Today is the birth anniversary of Kazi Nazrul Islam. Not many poets championed the cause of nationalism and secularism in pre-independence India like Kazi Nazrul Islam did. The man who donned the uniform and fought in Mesopotamia during World War I, laid down the gun and took up the pen, which he used with devastating effect to deride the British Raj.
Nicknamed ‘Bidrohi Kobi’ or the ‘rebel poet’, he composed poems which inspired the proponents of armed revolution and shunned even the slightest mention of communalism.
He was the first to make poems talking about intense spiritual rebellion against fascism and oppression. He talked about revolution through his poetic works. Some examples are ‘Bidrohi’ (‘The Rebel’) and ‘Bhangar Gaan’ (‘The Song of Destruction’), as well as his publication Dhumketu (‘The Comet’). His work for the Indian independence movement often led to his being sent to jail by the British authorities. During one such prison term, he wrote the Rajbandir Jabanbandi (‘Deposition of a Political Prisoner’).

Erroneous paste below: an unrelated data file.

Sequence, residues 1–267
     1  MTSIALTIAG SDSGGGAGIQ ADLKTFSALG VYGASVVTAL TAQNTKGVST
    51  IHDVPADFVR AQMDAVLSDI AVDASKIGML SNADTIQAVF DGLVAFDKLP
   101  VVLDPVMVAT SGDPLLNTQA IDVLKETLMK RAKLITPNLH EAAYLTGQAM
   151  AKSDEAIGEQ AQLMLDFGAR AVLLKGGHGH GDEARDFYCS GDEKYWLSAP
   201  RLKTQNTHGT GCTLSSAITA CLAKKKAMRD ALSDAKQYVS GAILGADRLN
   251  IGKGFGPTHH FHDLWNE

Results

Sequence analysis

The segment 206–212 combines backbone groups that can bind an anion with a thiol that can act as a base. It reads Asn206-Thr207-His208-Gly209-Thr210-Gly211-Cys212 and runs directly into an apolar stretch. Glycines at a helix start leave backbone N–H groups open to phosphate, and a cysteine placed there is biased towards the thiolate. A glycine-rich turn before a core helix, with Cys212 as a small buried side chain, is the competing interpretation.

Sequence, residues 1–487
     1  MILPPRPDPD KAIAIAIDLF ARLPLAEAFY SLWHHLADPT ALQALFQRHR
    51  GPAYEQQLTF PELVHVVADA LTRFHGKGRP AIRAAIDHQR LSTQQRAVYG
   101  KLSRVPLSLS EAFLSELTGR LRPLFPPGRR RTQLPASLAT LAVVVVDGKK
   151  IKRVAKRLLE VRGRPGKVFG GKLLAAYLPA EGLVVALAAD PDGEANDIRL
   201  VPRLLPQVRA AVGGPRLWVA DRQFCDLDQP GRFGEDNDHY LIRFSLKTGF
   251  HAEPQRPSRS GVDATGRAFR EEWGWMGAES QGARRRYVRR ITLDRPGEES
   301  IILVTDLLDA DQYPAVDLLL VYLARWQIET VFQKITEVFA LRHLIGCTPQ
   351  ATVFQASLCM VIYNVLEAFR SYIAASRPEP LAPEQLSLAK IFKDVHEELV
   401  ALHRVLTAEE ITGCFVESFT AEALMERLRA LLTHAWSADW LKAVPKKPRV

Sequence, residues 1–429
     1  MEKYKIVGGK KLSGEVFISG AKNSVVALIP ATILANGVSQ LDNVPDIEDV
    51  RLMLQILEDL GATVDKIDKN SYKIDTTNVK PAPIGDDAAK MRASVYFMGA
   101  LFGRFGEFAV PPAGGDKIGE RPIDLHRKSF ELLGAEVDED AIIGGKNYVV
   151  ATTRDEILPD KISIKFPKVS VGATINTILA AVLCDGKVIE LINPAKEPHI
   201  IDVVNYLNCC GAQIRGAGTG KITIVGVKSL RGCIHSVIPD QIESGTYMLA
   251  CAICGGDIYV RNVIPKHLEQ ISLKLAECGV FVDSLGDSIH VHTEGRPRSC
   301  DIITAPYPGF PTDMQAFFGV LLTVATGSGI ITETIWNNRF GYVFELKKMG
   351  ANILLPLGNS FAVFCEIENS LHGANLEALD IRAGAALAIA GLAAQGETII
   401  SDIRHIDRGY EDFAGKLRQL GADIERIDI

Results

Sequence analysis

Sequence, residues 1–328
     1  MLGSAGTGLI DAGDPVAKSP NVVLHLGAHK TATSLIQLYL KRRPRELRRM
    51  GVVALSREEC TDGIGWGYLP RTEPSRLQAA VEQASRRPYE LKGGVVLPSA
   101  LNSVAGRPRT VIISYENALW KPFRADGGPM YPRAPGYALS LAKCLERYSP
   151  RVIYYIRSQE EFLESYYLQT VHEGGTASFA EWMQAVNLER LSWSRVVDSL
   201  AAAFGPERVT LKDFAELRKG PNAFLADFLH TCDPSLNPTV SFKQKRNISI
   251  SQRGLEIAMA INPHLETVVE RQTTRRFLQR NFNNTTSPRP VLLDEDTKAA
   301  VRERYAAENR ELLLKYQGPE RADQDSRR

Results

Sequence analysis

Nazrul’s writings are about themes such as love, freedom, and revolution. He was against all bigotry, including religious and gender-based. Throughout his career, Nazrul also wrote short stories, novels and essays, but he is best known for his poems. He started new forms such as Bengali ghazals. Nazrul wrote and composed music for nearly 4,000 songs, which are collectively known as Nazrulgeeti (‘songs of Nazrul’). They are widely popular today and have given him immortality.
A version of this first published in the May 25, 2015 edition of The Statesman
Lead image: maqtanim.deviantart.com